The students will discuss entrepreneurship in Canada, focusing on how technology drives innovation, as well as the level of support needed from customers and shareholders to sustain ideas from behind the wheel.
"This is the second time students from Canada's top business school and Canada's top technology school will interact in a forum designed to not only foster creativity and interaction, but also to address as best as we can the current market conditions today," said Andrew Chung, conference co-chair and a UW computer science student. "The calibre of students present is of the top tier in Canada. Fields of study will include accounting, business, economics, computer science, electrical and computer engineering, systems engineering and biotechnology."
"Ideally, we would like to see groups of students from both schools come away from the conference having formed the foundation and relationships which will eventually lead to a business partnership and even a start-up company," said Aly Gillani, organizational co-chair of the Entrepreneurs' Association of UW and a computer engineering student.
A funeral service will be held this morning for Bill Dick (left), who worked in counselling services at UW -- and was a well-known figure on campus -- from 1968 to his retirement in 1991. A Mennonite minister with a PhD in psychology, Dick also taught in UW's psych department. The funeral is scheduled for 10:00 this morning at Stirling Avenue Mennonite Church in Kitchener.
The joint health and safety committee meets at 1:30 today in Needles Hall room 3004, with agenda items that include "diving guidelines", building inspections, asbestos procedures, and the risk of the West Nile virus.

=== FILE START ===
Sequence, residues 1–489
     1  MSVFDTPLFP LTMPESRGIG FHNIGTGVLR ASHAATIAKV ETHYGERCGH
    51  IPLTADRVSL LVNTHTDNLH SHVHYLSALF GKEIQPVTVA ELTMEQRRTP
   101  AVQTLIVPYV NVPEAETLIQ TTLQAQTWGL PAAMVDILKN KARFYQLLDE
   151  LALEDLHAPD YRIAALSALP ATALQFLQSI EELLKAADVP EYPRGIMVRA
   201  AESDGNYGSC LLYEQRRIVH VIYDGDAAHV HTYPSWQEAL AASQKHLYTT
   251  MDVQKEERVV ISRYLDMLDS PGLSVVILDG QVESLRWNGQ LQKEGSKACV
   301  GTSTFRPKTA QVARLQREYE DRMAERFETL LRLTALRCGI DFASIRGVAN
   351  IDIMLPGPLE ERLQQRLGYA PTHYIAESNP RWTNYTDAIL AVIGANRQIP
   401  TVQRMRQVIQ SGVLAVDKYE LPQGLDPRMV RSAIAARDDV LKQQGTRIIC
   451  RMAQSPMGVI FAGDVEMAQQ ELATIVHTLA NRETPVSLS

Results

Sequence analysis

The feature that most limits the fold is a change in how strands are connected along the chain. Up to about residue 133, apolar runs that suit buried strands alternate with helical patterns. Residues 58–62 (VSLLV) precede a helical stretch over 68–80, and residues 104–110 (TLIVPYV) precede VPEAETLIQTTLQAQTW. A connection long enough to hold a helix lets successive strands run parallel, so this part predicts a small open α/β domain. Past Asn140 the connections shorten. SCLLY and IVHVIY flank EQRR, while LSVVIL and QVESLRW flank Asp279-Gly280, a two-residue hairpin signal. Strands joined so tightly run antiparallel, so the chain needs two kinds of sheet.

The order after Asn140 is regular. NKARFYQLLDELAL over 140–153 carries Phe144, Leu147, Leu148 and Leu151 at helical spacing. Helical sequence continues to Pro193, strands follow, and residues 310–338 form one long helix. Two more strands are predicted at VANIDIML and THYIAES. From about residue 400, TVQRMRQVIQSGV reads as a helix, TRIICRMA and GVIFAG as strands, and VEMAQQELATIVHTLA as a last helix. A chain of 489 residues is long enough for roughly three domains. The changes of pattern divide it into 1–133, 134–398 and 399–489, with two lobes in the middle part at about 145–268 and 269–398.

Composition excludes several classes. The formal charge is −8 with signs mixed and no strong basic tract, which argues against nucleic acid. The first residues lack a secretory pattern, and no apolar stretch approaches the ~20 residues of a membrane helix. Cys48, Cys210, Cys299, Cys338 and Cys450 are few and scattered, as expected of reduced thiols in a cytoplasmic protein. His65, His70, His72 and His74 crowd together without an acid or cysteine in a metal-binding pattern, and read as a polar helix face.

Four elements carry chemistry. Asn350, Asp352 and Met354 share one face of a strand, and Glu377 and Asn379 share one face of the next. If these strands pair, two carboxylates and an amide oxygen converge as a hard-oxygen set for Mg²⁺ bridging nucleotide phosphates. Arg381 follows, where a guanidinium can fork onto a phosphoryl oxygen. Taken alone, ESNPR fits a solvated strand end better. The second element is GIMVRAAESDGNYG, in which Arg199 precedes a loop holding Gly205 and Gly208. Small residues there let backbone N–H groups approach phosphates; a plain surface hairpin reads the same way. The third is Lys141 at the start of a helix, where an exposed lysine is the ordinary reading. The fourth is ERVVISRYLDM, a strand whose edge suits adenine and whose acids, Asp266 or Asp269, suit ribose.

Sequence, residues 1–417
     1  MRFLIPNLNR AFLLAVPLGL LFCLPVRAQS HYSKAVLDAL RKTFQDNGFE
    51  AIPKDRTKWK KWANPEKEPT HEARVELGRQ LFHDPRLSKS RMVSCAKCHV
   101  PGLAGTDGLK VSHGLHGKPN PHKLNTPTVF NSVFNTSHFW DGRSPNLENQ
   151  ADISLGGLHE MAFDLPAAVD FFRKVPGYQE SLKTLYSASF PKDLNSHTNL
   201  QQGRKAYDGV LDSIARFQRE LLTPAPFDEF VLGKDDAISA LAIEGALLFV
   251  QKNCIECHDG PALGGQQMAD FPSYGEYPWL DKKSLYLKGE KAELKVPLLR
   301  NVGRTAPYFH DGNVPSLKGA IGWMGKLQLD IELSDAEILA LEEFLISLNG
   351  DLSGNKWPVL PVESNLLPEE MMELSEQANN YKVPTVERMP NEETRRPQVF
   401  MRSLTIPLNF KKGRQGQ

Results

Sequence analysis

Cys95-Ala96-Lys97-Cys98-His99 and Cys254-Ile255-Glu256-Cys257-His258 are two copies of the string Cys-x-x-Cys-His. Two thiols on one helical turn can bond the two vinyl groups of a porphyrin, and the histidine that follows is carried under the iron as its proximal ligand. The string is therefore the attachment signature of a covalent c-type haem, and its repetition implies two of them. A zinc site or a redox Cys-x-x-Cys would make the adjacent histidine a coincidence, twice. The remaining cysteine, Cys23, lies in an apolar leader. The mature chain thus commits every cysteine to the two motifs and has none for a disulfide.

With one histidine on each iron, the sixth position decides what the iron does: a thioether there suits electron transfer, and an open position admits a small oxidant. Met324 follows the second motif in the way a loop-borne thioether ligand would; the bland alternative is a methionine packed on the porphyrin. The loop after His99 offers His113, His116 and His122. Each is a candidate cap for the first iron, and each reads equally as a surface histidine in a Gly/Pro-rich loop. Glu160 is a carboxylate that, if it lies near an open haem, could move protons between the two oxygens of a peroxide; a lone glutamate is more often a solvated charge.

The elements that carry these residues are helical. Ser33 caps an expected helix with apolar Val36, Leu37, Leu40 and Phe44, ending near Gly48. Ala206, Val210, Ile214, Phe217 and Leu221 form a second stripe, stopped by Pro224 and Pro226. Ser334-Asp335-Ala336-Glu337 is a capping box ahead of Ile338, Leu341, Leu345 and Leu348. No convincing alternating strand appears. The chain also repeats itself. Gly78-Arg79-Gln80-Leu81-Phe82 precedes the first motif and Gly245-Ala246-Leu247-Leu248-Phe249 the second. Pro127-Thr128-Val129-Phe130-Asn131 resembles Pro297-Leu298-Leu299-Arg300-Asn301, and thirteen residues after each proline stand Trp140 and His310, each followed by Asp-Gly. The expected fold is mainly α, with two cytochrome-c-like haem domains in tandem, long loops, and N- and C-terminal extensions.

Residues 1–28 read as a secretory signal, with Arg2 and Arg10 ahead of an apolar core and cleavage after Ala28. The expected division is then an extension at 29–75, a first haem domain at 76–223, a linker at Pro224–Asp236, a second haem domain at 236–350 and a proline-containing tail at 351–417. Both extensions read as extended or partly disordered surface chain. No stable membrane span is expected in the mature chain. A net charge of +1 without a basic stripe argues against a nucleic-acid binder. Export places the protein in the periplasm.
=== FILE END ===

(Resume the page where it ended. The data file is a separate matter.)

Peter Goldsworthy writes from the Centre for Learning and Teaching Through Technology (LT3): "If you've heard about it, or are just now hearing about 'The New Classroom: Engaging Students with Online Activities' faculty series and T5 teaching model, you may want to come out to the one-hour information session on Thursday between 1 and 2 p.m. LT3 is practicing what they preach by now using online-enhanced materials to show faculty and instructors how to teach online materials to students in an improved environment (students come prepared for the next lecture). This new structure offers a basic template and step-by-step instructions on how to move your course to one with online materials in a student-centred manner. For more information contact Diane Salter at ext. 6832 or dianesalter@lt3. This is part of the LT3 commitment to UWOnE (UW's Online Environment)."
People who have read Alistair MacLeod's No Great Mischief, perhaps as part of the recent "One Book, One Community" program, and even those who haven't read it but would like to, can meet MacLeod at the UW bookstore this afternoon. He'll be there from 2 to 4 p.m. as part of his visit to Kitchener-Waterloo to help celebrate One Book, One Community.
An exhibition of set and costume designs, put together by Jocelyne Sobeski and Bill Chesney of UW's department of drama, opens today in the art gallery in the Modern Languages building, which is also the lobby of the Theatre of the arts. "Before a word is spoken, there are sets and costumes," the flyer for the show reminds us, and before the viewing of the exhibition, there's an opening reception, from 5 to 7 this evening.